It can be difficult for investors to hold cryptocurrencies. Many are incredibly volatile.
To critics of cryptocurrencies—like China’s major payment institutions—this price volatility makes them poorly suited to being actual currencies because their value can change quickly, making an agreed price hard to come by.
That’s where a cryptocurrency like Tether (USDT) comes in. It’s designed to enable users to navigate the crypto industry without being exposed to unpredictable prices.
What is Tether?
Tether is a type of cryptocurrency known as a stablecoin.
Stablecoins are designed to be pegged to a given currency; in the case of Tether’s main USDT cryptocurrency, the U.S. dollar. Tether claims that every token is backed by a dollar held in its reserves; the value of the token is kept stable by bots buying and selling whenever its value fluctuates from the dollar.
In a nutshell, Tether is meant to work as follows; whenever a user deposits a US dollar to Tether’s account, Tether Inc—the company behind Tether the stablecoin—mints one Tether in return.
Tether is also available for the euro, and Japanese yen.
Who created Tether?
Tether Limited developed the cryptocurrency towards the end of 2014, under the name “Realcoin” prior to its rebranding as Tether.
Based in the British Virgin Islands—a jurisdiction known for its lax regulations—the company’s head offices are in Hong Kong. It shares most of its management team with the cryptocurrency exchange Bitfinex, including its CEO, chief strategy officer, and general counsel.
What can you do with Tether?
Tether is widely accepted on most crypto exchanges and can be used to easily purchase cryptocurrencies. It is frequently used by traders and investors as a way to maintain a stable store of value while still holding a position in the market.
It is also a popular asset for the exchanges themselves. Tether trading pairs are a common way to denominate prices in fiat currency, which most people can more readily understand. As many exchanges find it impossible to set up a fiat bank account, some have resorted to holding their funds in Tether tokens.
Did you know?
One of Tether’s founders, Brock Pierce, starred in multiple Disney films when he was a child actor in the early 1990s.
A brief history
- July 2014 - Realcoin, a token backed by the US dollar, launches.
- November 2014 - Realcoin rebrands to Tether and enters private beta.
- January 2015 - Bitfinex lists Tether.
- February 2015 - Tether begins trading.
- December 2017 - The Tether supply surpasses one billion tokens.
- June 2018 - An academic study is published suggesting Tether can be printed “regardless of investor demand.”
- April 2019 - The New York Attorney General’s Office sues iFinex—Tether’s parent company—for allegedly using USDT to cover $850 million in lost funds.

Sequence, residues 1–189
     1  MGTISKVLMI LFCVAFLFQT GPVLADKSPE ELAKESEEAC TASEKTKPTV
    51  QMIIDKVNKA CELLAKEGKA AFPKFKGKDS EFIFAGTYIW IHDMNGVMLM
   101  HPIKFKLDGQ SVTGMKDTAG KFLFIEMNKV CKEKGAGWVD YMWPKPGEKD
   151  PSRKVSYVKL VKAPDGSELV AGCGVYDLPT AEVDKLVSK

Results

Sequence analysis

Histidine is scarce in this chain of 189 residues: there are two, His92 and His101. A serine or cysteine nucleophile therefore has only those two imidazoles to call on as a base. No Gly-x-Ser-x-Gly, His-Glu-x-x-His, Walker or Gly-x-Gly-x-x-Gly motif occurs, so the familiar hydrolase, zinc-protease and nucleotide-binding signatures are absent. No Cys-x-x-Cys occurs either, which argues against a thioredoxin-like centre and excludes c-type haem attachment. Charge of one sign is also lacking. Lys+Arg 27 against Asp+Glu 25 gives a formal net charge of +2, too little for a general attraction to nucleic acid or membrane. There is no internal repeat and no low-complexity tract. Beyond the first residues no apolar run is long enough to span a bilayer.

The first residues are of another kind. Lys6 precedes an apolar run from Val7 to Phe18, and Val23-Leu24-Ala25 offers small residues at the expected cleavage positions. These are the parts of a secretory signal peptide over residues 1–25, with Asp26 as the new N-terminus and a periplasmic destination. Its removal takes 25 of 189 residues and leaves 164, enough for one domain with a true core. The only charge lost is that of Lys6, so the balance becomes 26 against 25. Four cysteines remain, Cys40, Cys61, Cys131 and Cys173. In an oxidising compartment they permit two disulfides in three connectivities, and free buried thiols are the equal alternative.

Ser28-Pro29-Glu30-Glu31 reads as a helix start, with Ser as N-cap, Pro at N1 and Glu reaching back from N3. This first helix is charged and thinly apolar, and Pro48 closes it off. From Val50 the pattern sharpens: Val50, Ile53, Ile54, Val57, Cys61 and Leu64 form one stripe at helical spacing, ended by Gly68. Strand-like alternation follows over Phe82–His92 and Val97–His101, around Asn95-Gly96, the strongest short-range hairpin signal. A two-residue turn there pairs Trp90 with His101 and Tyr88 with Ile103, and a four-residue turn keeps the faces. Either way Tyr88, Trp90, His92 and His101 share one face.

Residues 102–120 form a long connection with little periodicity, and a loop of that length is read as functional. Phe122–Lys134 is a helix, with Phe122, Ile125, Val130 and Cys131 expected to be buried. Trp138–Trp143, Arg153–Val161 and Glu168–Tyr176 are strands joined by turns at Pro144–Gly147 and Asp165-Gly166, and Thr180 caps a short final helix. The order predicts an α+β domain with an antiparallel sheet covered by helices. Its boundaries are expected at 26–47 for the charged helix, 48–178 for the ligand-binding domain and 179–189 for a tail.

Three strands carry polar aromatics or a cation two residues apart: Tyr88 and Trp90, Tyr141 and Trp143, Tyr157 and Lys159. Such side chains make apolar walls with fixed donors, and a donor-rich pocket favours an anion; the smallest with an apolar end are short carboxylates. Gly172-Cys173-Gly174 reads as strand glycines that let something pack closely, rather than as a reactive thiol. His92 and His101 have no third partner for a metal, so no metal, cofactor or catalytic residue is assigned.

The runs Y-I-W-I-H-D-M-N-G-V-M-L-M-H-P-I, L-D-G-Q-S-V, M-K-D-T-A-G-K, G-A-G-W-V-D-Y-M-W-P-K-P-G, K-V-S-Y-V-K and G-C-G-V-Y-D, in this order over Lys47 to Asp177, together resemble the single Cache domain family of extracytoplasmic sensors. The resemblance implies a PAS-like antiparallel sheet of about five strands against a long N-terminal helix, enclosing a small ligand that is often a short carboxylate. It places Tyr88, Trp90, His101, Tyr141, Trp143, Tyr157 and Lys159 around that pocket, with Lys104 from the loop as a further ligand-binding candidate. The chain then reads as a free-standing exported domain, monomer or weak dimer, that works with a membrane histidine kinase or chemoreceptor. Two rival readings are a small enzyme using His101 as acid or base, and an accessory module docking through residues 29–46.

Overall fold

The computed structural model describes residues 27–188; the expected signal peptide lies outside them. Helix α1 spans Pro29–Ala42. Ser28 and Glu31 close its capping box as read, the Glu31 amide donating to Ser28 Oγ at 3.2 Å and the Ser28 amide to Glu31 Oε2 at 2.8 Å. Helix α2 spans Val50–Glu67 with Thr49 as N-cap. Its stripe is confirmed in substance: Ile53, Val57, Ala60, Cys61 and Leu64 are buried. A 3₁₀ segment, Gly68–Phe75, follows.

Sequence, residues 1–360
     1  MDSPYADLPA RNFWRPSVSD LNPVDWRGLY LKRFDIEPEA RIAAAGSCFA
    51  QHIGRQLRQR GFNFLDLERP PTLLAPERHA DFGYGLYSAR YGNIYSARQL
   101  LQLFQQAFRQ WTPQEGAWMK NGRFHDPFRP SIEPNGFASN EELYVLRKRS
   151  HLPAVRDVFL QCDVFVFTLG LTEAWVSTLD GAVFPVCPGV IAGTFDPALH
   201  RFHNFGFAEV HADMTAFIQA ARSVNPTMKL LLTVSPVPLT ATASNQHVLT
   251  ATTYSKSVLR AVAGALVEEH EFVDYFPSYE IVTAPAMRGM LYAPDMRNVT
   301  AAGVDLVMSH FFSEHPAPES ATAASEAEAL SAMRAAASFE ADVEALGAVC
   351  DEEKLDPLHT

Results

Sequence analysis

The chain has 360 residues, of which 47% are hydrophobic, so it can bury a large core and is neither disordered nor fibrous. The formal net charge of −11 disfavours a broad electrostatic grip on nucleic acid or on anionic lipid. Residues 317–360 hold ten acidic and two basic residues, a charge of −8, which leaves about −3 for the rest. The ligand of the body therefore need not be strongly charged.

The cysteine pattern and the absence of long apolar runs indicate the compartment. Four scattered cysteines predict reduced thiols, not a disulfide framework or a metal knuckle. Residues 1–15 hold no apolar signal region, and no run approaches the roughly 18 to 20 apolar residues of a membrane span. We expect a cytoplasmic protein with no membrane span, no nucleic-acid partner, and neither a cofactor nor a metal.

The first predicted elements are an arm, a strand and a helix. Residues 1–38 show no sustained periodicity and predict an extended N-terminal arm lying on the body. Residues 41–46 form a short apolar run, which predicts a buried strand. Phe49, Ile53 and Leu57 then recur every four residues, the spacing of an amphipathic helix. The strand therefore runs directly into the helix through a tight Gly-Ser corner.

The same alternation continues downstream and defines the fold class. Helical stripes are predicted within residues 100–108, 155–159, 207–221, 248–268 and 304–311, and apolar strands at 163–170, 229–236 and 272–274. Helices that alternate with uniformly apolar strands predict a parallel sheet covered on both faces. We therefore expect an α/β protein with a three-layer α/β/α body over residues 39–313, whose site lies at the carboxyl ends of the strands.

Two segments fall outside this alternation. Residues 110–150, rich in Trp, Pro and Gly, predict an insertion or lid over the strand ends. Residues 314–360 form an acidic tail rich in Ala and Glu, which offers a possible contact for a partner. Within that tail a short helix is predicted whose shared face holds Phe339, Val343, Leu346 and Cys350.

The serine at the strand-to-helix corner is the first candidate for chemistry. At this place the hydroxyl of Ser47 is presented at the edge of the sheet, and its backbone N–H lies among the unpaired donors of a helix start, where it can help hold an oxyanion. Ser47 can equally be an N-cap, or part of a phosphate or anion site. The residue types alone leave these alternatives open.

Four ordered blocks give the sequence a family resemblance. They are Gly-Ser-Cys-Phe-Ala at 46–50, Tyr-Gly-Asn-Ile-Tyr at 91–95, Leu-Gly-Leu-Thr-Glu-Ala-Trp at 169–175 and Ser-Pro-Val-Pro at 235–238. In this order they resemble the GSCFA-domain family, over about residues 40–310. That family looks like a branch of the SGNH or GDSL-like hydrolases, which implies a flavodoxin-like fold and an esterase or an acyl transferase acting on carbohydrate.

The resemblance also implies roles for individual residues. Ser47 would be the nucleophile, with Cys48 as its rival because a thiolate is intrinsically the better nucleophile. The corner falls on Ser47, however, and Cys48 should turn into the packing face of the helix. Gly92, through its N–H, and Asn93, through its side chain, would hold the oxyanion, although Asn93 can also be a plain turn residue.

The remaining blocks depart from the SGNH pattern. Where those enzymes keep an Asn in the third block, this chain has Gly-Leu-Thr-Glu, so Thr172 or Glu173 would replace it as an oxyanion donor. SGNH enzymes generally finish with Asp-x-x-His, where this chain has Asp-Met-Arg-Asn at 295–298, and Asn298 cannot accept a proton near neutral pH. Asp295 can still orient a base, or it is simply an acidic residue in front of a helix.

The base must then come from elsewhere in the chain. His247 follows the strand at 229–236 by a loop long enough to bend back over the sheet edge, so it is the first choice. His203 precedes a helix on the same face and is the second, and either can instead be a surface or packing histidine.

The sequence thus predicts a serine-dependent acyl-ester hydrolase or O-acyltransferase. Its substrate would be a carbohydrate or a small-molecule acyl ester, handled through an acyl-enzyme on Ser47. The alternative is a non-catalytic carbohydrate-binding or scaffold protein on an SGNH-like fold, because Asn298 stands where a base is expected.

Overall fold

- July 2020 - Tether’s market cap hits $10 billion.
- December 2020 - Tether’s market cap hits $20 billion.
- February 2021 - Tether and Bitfinex settle with the New York Attorney General’s Office for $18.5 million.
- February 2021 - Tether’s market cap hits $30 billion.
- April 2021 - Tether expands to Polkadot and its market cap hits $43 billion.
- May 2021 - Tether reveals its reserves breakdown for the first time since 2014.
- May 2021 - Tether’s market cap hits $60 billion.
What’s so special about Tether?
- 🗿 Stable - Tether claims to be backed by fiat currency. That means holders aren't subjected to the same high levels of volatility found in other cryptocurrencies. It gives users easy access to the cryptocurrency market, without exposure to wild price fluctuations.
- 📭 Widely accepted - Tether is a popular cryptocurrency that can be bought and sold on most exchanges. Many exchanges use it as a trading pair.
- 🐻 Familiar - Being backed by international currencies makes Tether’s value intuitive; useful for traders purchasing other cryptocurrencies with it.
How is Tether produced?
Unlike most cryptocurrencies like Bitcoin, Tether isn’t “mined.” Instead, Tether Limited generates new tokens and issues them via crypto exchange Bitfinex following fiat currency being deposited into its reserves. Tether can be bought at most crypto exchanges.
How does Tether work?
Tether is based on something called the Omni layer. This is a meta-protocol built on top of the Bitcoin blockchain that allows projects to create and trade their own currencies. Tether tokens started to be issued on Omni software layer for the Litecoin blockchain in the summer of 2017.
There are also Ethereum-based Tethers built using the ERC-20 standard.
Did you know?